DURHAM is thriving. The magnificent medieval City that has attracted scholars, commerce and pilgrims for 1,000 years continues to act as a draw. A gem in Northern England, home to a Russell Group University and the World Heritage Site that is Durham Cathedral and Castle, the Ccty evolves to meet the changing demands of the city user.

There is often talk of the demise of the high street as though it is going to be lost as a social entity. The internet and penchant of the modern consumer in the United Kingdom to shop online has indeed seen a contraction in the demand for a physical presence on the high street.

Be it retail or business services, access is now provided 24 hours a day, seven days a week by nearly every smart phone. As consumers, we have made a conscious decision to determine when it is convenient for us to shop, bank, renew car insurance, book a holiday or even buy a house rather, than fit it around the more traditional business hours. The high street is not disappearing though, it is simply going through a period of evolution. In Durham this evolution is palpable.

The ramifications of consumer choice mean that town and cities across the country are having to find a new identity, and develop additional reasons for people to visit them. Nowhere is this more evident in the region than in Durham.

Durham has seen an explosion of private sector investment with in-excess of £180m across two key sites alone. The first of these, The Riverwalk, has developed the offer presented by the City considerably with The ODEON Luxe providing the region with its first high profile luxury cinema, priced for the local family market.

New restaurants and retailers continue to open in the development. Just across the road, work has started in earnest to develop Milburngate, a mixed development of residential, leisure and retail units that will further increase the appeal of the city.

Durham has a strong experiential economy; one that affords the visitor a diverse mix of culture, religion, history, food, drink, performance arts and new releases to the big screen. A busy events calendar sees a number of city stakeholders deliver a variety of events throughout the course of the year. The traditional elements of a city are here in abundance too.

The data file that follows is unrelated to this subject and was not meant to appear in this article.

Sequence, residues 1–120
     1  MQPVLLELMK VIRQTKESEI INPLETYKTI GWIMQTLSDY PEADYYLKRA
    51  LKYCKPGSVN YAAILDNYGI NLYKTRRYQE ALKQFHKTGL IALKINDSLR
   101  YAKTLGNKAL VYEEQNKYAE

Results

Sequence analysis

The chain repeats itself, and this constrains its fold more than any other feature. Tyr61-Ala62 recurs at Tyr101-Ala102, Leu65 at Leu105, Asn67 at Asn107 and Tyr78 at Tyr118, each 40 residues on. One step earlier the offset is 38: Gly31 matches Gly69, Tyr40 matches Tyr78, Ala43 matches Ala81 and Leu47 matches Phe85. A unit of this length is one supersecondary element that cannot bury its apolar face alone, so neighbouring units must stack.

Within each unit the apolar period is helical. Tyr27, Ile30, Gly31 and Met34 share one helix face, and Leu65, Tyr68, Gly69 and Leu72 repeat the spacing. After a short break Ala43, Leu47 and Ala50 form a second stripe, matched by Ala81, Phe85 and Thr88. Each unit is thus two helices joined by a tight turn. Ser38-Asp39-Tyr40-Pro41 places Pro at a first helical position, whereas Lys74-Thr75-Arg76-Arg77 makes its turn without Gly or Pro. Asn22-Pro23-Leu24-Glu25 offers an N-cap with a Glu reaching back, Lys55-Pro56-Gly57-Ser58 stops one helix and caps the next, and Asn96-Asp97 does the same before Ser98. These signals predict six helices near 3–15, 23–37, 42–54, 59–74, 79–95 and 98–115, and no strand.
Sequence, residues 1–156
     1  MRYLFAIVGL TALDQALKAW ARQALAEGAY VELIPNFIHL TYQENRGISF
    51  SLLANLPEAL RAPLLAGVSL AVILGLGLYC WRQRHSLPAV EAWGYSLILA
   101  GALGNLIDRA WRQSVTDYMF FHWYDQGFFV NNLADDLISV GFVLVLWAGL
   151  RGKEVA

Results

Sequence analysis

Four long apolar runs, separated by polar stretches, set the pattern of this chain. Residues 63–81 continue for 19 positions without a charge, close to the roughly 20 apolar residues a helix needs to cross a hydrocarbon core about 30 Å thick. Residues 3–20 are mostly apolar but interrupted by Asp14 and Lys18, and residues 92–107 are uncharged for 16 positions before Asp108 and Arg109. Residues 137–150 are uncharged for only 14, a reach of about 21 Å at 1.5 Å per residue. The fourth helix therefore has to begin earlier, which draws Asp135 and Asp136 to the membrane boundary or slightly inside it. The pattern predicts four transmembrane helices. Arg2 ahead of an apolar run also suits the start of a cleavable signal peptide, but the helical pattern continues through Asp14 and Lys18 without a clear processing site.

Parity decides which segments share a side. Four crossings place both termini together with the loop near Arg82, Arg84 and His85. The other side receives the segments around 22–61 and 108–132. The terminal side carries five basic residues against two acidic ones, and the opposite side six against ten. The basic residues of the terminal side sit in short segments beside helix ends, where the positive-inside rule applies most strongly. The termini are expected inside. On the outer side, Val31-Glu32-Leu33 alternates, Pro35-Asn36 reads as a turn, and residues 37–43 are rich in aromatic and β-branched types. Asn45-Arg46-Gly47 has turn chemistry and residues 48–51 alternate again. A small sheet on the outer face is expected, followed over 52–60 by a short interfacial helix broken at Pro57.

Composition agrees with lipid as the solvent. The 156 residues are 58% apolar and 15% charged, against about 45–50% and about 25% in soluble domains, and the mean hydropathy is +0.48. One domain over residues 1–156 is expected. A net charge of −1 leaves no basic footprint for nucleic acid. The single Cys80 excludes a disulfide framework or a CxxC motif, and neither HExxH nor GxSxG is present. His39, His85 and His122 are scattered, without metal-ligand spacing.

High street names sit alongside award winning independent businesses that call Durham home. The liquidations that have blighted some high streets has provided new names an opportunity to open their doors in Durham. Despite such an offer though, these elements are still not enough to ensure the sustainability of the city. A modern conurbation needs diversity. It requires a multifaceted offer supported by multiagency users.

The relocation of Durham County Council to the city centre, releasing additional space in Aykley Heads for further development, will only serve to ensure that the repeat patronage of the city will increase. Other stakeholders are also looking to develop their presence in the city, bringing further workers to the city who will be able to avail themselves of what the city has to offer.

As a city, Durham will not have to wait for the completion of such developments for the benefits to be realised. Construction workers will use the city from day one. The injection of confidence that the investment will make to the local economy cannot be undervalued. A glorious medieval city in a beautiful county in the north of England, Durham is thriving.